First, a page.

The program developed twelve national champions in various age groups, as well as more state champions than Speed and Charlene can count. Their best known former student, Rodney White, won a gold medal in the 1996 Olympics and a bronze in 2000.
The best measure of their success may not be the number of champions they have coached, but rather the number of young people who have enjoyed their encouragement and guidance.
“Some of the kids come to socialize,” Speed said. Their friends are shooting, so they come, too. Then there are those who like to see their scores keeping getting better. And finally we have the ones that want to be the best. They’re the ones I’d give more time to.”
With perhaps a dozen archery clubs within fifty miles, the McCulloughs spent many weekends and evenings taking their students to competitions.
“There were maybe a dozen archery clubs within fifty miles,” Speed said. “When Gold-n-Grain shows up, you better be looking for second place, because we’re going to win it.”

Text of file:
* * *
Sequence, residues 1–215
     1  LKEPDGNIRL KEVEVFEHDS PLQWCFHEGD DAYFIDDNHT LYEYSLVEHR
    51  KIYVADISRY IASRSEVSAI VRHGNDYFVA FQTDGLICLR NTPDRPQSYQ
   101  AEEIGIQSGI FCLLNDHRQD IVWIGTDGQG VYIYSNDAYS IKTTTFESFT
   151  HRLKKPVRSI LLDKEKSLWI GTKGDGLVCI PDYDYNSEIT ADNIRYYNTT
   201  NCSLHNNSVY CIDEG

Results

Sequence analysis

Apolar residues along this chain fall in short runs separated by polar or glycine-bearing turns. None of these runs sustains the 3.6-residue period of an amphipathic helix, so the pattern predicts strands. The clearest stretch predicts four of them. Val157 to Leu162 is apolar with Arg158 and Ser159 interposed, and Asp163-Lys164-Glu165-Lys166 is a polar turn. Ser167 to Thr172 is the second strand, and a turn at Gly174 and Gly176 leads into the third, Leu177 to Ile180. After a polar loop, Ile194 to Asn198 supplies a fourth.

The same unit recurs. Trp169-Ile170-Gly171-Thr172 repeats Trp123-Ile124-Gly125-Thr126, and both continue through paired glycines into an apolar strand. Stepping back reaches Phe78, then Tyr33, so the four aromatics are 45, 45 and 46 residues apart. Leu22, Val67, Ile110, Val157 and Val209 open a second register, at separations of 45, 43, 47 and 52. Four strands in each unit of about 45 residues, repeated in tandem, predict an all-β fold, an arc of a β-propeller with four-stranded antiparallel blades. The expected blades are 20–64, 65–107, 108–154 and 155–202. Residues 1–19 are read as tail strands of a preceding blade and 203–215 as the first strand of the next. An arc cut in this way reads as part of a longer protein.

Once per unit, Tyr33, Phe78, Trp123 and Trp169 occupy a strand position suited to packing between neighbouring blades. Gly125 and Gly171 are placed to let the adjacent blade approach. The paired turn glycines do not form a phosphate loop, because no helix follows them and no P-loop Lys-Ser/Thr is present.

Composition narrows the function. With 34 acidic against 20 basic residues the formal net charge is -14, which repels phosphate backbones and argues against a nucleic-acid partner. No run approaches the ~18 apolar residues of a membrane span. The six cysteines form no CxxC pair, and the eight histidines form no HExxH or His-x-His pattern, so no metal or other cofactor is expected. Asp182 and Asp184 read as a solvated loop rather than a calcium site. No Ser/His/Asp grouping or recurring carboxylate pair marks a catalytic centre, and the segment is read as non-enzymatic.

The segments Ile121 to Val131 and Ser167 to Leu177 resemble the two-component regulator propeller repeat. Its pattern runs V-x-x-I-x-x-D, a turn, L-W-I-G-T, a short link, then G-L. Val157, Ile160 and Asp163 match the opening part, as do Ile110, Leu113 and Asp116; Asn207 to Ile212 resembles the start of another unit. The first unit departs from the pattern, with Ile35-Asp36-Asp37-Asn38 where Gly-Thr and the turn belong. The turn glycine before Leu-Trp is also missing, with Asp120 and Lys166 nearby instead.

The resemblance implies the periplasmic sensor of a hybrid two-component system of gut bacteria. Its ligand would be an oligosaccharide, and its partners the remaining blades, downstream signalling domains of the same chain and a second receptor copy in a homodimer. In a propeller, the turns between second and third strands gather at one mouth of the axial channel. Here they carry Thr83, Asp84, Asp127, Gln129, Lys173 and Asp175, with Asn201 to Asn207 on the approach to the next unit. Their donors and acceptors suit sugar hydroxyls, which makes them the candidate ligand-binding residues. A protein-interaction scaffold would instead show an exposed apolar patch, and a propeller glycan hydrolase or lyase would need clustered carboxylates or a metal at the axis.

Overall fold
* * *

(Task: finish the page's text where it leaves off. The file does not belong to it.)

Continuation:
In addition to the indoor range, their son Dave built a field archery course on the farm. Archers use whatever equipment they want – anything from old-fashioned long bows to modern compound bows – to shoot one arrow at each of twenty 3-D animal targets.
“We only taught the recurve bow,” Speed said, “because it is still the only kind used in the Olympics.”
But the skills learned on the recurve bow also apply to the modern compound bows.
“Form is the name of the game,” Speed said, “Dave learned good form with the recurve bow, then he got a good compound. In this area, nobody can beat him.”
As passionate as they are about archery, Speed and Charlene acknowledge that there are others even more passionat about it.